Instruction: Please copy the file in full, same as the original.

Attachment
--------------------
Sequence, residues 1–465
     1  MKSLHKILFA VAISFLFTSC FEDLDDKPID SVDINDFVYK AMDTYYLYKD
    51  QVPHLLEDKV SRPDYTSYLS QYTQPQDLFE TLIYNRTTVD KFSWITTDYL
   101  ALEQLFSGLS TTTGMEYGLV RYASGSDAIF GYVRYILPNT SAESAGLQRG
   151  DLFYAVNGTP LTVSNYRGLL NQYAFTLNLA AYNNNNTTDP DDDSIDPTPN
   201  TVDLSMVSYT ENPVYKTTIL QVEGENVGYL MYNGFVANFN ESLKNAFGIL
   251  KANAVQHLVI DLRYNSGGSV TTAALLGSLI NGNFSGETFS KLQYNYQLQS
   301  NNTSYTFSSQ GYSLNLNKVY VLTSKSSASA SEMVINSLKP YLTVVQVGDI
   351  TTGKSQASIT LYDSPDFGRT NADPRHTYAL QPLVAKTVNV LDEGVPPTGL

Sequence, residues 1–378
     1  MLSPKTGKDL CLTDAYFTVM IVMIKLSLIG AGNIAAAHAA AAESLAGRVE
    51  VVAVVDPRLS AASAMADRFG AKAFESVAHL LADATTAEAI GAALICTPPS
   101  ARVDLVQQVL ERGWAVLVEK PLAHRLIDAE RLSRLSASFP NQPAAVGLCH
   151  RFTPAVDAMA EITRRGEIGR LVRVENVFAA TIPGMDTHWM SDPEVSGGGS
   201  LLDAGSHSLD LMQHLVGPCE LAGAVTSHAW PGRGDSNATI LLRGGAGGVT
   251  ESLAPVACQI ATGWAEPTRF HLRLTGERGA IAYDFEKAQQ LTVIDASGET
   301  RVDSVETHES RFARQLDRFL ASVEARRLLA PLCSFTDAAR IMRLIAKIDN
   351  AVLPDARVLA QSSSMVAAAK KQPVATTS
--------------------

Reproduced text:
Sequence, residues 1–465
     1  MKSLHKILFA VAISFLFTSC FEDLDDKPID SVDINDFVYK AMDTYYLYKD
    51  QVPHLLEDKV SRPDYTSYLS QYTQPQDLFE TLIYNRTTVD KFSWITTDYL
   101  ALEQLFSGLS TTTGMEYGLV RYASGSDAIF GYVRYILPNT SAESAGLQRG
   151  DLFYAVNGTP LTVSNYRGLL NQYAFTLNLA AYNNNNTTDP DDDSIDPTPN
   201  TVDLSMVSYT ENPVYKTTIL QVEGENVGYL MYNGFVANFN ESLKNAFGIL
   251  KANAVQHLVI DLRYNSGGSV TTAALLGSLI NGNFSGETFS KLQYNYQLQS
   301  NNTSYTFSSQ GYSLNLNKVY VLTSKSSASA SEMVINSLKP YLTVVQVGDI
   351  TTGKSQASIT LYDSPDFGRT NADPRHTYAL QPLVAKTVNV LDEGVPPTGL

Sequence, residues 1–378
     1  MLSPKTGKDL CLTDAYFTVM IVMIKLSLIG AGNIAAAHAA AAESLAGRVE
    51  VVAVVDPRLS AASAMADRFG AKAFESVAHL LADATTAEAI GAALICTPPS
   101  ARVDLVQQVL ERGWAVLVEK PLAHRLIDAE RLSRLSASFP NQPAAVGLCH
   151  RFTPAVDAMA EITRRGEIGR LVRVENVFAA TIPGMDTHWM SDPEVSGGGS
   201  LLDAGSHSLD LMQHLVGPCE LAGAVTSHAW PGRGDSNATI LLRGGAGGVT
   251  ESLAPVACQI ATGWAEPTRF HLRLTGERGA IAYDFEKAQQ LTVIDASGET
   301  RVDSVETHES RFARQLDRFL ASVEARRLLA PLCSFTDAAR IMRLIAKIDN
   351  AVLPDARVLA QSSSMVAAAK KQPVATTS